From: L. Michel Espinoza-Fonseca (
Date: Mon Oct 26 2009 - 10:24:19 CDT


On Mon, Oct 26, 2009 at 4:08 PM, Axel Kohlmeyer <> wrote:

> On Mon, 2009-10-26 at 15:40 +0100, L. Michel Espinoza-Fonseca wrote:
> > Hi Regina,
> michel,
> > In addition to what Axel said, it is important that you keep in mind
> > that SPC water model underestimates the bulk dielectric permitivity by
> > about 20%. This means that if you use this water model you will not
> please note that regina was asking about SPC/E and there eps0
> not so bad, at least according to the very long simulations that
> i did about 7 years ago. in the literature you can find a large
> variation of results for eps0, since few people have the patience
> to run long enough trajectories, or realize that for computing esp0
> the system size doesn't matter that much (you can get it from as
> little a 64 waters).
I have performed long simulations of peptides using SPC and SPC/E water
models and in general I observed that it increases the helical content
(compared to experiments). In some cases with peptides that are supposed to
be unstructured in solution, you can observe a large amount of helical
content that does not match the experimental results (even considering that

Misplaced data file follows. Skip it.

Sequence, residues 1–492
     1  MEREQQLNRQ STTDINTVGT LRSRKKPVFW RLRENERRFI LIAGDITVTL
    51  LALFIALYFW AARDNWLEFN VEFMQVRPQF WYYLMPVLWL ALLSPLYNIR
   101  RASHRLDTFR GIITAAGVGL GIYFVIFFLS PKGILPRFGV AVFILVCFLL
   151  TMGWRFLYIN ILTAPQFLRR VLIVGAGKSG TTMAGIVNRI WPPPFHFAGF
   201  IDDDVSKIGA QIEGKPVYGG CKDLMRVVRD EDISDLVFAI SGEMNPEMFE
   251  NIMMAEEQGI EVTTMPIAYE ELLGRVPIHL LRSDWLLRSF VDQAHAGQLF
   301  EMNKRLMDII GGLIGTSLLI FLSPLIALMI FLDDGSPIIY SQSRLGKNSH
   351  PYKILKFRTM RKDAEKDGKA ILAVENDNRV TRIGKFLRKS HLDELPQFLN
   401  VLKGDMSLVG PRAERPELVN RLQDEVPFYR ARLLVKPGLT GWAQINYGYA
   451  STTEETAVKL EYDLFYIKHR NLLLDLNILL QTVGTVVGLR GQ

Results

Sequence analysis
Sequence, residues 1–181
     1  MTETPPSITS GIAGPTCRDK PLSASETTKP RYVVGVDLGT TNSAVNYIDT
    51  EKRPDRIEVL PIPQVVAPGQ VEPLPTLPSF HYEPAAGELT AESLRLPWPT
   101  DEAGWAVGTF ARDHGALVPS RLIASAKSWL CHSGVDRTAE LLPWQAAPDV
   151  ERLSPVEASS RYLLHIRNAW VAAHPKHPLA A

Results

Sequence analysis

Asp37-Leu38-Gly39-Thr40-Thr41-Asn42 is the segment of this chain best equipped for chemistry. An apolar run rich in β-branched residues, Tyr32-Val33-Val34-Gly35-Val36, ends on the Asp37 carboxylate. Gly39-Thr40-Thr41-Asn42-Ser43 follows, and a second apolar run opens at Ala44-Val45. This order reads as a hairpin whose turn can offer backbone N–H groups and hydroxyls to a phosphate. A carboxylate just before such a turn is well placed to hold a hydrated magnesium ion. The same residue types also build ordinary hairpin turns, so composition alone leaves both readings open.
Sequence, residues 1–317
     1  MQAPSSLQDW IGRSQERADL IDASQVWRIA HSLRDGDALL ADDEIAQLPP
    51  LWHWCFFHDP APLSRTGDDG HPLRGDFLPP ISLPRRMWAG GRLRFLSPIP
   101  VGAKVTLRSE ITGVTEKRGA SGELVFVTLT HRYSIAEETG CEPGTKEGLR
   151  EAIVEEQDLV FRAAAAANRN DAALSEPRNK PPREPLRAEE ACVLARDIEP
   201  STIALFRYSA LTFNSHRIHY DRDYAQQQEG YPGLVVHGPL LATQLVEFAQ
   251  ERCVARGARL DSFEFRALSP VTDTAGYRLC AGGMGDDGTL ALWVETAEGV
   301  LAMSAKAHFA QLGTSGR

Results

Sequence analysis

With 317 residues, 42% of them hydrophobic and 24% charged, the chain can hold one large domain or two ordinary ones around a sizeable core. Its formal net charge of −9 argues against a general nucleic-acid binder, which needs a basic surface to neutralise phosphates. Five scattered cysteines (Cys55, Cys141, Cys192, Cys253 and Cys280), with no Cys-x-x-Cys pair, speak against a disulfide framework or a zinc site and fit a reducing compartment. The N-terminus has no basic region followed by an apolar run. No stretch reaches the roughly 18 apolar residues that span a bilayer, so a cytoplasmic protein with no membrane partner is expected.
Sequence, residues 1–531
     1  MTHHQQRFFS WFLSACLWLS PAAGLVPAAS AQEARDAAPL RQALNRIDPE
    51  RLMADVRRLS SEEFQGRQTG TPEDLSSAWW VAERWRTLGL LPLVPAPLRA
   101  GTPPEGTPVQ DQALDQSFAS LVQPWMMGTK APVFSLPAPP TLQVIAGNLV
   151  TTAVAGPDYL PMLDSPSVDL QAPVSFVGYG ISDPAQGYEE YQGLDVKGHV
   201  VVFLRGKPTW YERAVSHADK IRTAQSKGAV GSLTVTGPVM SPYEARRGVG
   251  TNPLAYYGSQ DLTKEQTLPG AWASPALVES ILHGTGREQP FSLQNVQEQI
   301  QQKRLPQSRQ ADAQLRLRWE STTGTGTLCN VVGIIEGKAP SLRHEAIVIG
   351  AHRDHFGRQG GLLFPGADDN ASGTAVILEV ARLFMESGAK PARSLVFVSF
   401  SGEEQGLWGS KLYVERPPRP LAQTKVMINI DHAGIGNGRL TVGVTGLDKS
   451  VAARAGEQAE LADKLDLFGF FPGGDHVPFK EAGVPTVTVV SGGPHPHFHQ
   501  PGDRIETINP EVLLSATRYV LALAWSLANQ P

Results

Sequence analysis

a peptide does not exist as a fully random coil under highly denaturant
conditions). I personally don't have anything against on in favor when it
comes to particular water models, but I'm just trying to stress on the fact
that it is not recommendable to mix different force fields, either for
technical reasons or because of the physical meaning of the trajectories you

> > only face the problems that Axel just listed, but also your protein
> > will likely become too helical. Things will get even worse if you use
> > this water model in combination with the CHARMM force field plus the
> > CMAP correction.
> not sure, if this argument is convincing without proof from simulations.
> the balance between the competing interactions in classical force fields
> is very difficult to estimate. specifically for stability of helical
> structures, i would like to remark that you also have to consider the
> competition for hydrogen bonds, where SPC/E should have a large
> energetic advantage over the CHARMM-TIP3P: SPC/E charges are larger
> than TIP3P _and_ rOH is longer, so it can get closer (i.e. interact
> stronger), specifically as H-bond donor, due to the missing LJ terms
> on the hydrogens in SPC/E).
Even though a convincing proof is always the best option, I'm using my
previous experience with this water model, the CHARMM force field and a bit
of intuition to propose a situation that could likely happen if you combine
both force fields. A larger competition between backbone-backbone and
water-backbone hydrogen bonds might be compensated by the CMAP correction
(if used, of course), so it is still possible that at the end your protein
remains too helical.


> SPC/E was specifically reparametrized from SPC to overcome the
> missing self-polarization and thus underestimation of eps0.
> cheers,
> axel.
> > Best,
> > Michel
> --
> Dr. Axel Kohlmeyer
> Institute for Computational Molecular Science
> College of Science and Technology
> Temple University, Philadelphia PA, USA.